“It’s the nest of Taita thrush,” whispers Handrison Mwameso, our guide. He’s from the Dawida Biodiversity Conservation group (DABICO). We’re inside Ngangao forest on the high peaks of the Taita Hills in southeast Kenya.
We’ve walked a few metres from our campsite into the forest, entering though a narrow path shaded by a bunch of Phoenix reclinata, a common palm tree here.
Taita thrush is another of the ‘only found in the indigenous forests of the Taita Hills’ wildlife. To the untrained eye, the nest is just a bunch of twigs and dry grasses high on a tree.
Ngangao is the largest of the indigenous forests. Mwameso guides me to the tallest tree in the indigenous forest, nicknamed ‘mother tree’ by the locals. It’s a Newtonia buchananii. I strain my neck to see its flat-topped canopy, but it’s impossible. All I see is a moss- and lichen-clad solid trunk breaking through the forest canopy. The guess is that it’s more than 130 feet tall.
BEAUTIFUL ANCIENT FOREST
It’s quiet inside the beautiful ancient forest, with just the bird chirp and the crinkle of leaves as we step on them. At night, the forest comes alive with bushbabies and other nocturnal animals calling out.
We wander around enjoying the beauty of the patterned forest floor with leaves and roots, fallen trees, standing trees, wild flowers, fluttering butterflies and camouflaged chameleons. It changes suddenly when we get to a pine plantation.
There’s no life here, just a plantation of trees to be farmed and the spiny leaf litter of the exotic trees slippery to walk on. Once through it, we’re back in another part of the indigenous forest and by a gigantic cave.
Carefully making our way down to the bottom and inside the cave, we search for any sign of rock paintings or skulls of the Taita but it’s empty, with just a steady stream of water flowing from the top.
Walking back, Mwameso leads the way to the highest point of Ngangao on the bare rock face of the ancient crystalline mountains that came into being some 260 million years ago.
From here the peaks of Vuria, Msindunyi and Iyale show where the last of the indigenous forest remain and its wildlife. It’s a tiny world – only one per cent - compared to the surrounding landscape of exotic forest plantations, farms and towns.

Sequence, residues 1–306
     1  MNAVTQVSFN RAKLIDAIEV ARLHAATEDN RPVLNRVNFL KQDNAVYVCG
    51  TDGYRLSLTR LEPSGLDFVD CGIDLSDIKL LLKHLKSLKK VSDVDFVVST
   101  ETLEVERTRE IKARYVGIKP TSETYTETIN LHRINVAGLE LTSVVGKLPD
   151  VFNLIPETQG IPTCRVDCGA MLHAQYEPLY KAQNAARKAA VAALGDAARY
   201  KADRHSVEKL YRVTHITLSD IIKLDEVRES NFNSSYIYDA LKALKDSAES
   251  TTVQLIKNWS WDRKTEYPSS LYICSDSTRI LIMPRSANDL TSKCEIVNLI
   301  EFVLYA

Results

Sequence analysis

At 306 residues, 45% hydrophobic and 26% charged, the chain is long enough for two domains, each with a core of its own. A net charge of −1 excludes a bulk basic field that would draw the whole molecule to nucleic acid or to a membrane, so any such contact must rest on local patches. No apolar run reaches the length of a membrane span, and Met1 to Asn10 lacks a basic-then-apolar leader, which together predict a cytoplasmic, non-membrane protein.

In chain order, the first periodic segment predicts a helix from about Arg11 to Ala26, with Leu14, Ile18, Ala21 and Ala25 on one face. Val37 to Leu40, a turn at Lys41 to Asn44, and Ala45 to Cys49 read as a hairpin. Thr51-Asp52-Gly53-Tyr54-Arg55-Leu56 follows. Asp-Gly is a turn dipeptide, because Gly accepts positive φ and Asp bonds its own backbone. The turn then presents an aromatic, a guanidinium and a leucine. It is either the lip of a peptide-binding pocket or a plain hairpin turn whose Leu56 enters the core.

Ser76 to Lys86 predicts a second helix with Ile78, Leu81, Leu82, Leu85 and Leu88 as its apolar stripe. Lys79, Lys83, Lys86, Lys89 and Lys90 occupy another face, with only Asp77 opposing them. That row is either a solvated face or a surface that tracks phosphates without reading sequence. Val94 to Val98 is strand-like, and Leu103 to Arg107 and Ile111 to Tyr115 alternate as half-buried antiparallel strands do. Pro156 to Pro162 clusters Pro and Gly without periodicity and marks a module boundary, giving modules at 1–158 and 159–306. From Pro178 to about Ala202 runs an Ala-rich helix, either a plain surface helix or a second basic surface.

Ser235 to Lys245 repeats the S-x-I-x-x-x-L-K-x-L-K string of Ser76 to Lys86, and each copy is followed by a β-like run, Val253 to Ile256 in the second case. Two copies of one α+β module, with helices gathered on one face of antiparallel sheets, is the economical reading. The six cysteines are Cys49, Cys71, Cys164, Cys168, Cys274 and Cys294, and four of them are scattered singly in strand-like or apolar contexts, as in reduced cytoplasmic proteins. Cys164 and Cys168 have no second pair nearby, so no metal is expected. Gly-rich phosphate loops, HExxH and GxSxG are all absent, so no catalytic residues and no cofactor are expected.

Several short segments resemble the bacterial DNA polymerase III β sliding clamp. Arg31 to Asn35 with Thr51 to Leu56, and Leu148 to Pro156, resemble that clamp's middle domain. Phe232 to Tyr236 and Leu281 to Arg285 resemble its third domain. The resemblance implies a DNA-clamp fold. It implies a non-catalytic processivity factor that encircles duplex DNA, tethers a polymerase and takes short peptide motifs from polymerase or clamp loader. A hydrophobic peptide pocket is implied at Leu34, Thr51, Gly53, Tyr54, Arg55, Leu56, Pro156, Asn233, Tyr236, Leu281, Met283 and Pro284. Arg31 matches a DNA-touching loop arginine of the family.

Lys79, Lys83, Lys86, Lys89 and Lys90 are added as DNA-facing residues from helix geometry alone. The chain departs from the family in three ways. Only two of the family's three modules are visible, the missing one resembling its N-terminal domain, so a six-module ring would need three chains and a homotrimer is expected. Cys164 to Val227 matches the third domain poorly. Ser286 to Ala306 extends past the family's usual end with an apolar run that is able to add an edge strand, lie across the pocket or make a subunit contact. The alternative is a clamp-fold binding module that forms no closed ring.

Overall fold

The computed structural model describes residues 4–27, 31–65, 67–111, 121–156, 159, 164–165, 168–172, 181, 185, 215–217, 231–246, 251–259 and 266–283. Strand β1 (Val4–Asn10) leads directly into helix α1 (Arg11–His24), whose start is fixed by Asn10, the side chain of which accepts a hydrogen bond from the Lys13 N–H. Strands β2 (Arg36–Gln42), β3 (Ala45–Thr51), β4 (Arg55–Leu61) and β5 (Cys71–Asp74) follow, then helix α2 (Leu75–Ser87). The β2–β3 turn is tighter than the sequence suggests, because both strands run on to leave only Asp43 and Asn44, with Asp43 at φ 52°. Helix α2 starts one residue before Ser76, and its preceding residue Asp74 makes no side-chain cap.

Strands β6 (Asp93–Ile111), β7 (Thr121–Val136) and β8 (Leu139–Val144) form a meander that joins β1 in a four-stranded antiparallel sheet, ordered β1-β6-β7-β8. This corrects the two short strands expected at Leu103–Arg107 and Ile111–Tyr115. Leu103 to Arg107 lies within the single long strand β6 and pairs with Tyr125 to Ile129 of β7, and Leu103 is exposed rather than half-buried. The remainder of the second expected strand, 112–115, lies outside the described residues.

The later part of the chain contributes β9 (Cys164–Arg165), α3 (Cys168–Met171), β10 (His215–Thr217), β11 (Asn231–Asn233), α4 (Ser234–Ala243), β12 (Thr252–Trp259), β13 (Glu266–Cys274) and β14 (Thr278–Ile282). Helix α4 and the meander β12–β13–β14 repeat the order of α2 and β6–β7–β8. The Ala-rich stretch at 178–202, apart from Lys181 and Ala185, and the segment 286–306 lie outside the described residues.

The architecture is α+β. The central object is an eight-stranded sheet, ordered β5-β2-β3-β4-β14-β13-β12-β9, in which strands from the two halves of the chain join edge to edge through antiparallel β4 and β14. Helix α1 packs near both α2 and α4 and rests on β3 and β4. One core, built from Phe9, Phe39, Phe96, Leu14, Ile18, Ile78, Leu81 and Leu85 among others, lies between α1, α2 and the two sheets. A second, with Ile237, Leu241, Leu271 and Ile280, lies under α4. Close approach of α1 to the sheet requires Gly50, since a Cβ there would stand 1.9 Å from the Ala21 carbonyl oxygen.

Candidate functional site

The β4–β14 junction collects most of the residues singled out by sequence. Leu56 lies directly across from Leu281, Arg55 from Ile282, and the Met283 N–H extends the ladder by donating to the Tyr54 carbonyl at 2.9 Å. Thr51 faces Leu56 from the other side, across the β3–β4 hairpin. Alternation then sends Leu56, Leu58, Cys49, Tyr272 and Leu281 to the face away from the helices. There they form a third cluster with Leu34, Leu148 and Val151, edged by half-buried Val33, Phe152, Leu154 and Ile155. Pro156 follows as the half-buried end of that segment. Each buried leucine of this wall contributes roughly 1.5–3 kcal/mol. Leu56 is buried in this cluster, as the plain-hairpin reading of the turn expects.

By now the sky is darkening; we should start heading back when Mwameso excitedly points to another gigantic tree. Just as we get to it, huge fat raindrops begin to fall. We’re caught in the rain.
The tree is hollow and for the next hour we while our time in it, watching the rain and the gale blow the plants – and yet we’re completely dry. The tree is big enough for us to wander around it.
“There’s a folklore attached to this tree,” says Mwameso. It’s about a herds’ boy sent out by his father to tend the livestock. In the forest, the boy finds a little antelope caught in a hunter’s trap.
The boy lets it loose and tells his father about the incident. The angry father asks the boy to climb the tall tree and when the boy is on the top, the father removes the ladder. It’s punishment for letting the animal go.
But in flies a big bird and rescues the boy who grows up to become a wealthy man with many cattle. One day he hears that his father is sick and he returns to help.
His father is ashamed of his mean behaviour and asks for forgiveness.
The tree that offers us a refuge is the Aningeria adolfi, or the muna tree, once common in places like Limuru.
Today there are only three standing in Tigoni, and nowhere as large as the one we’ve been in.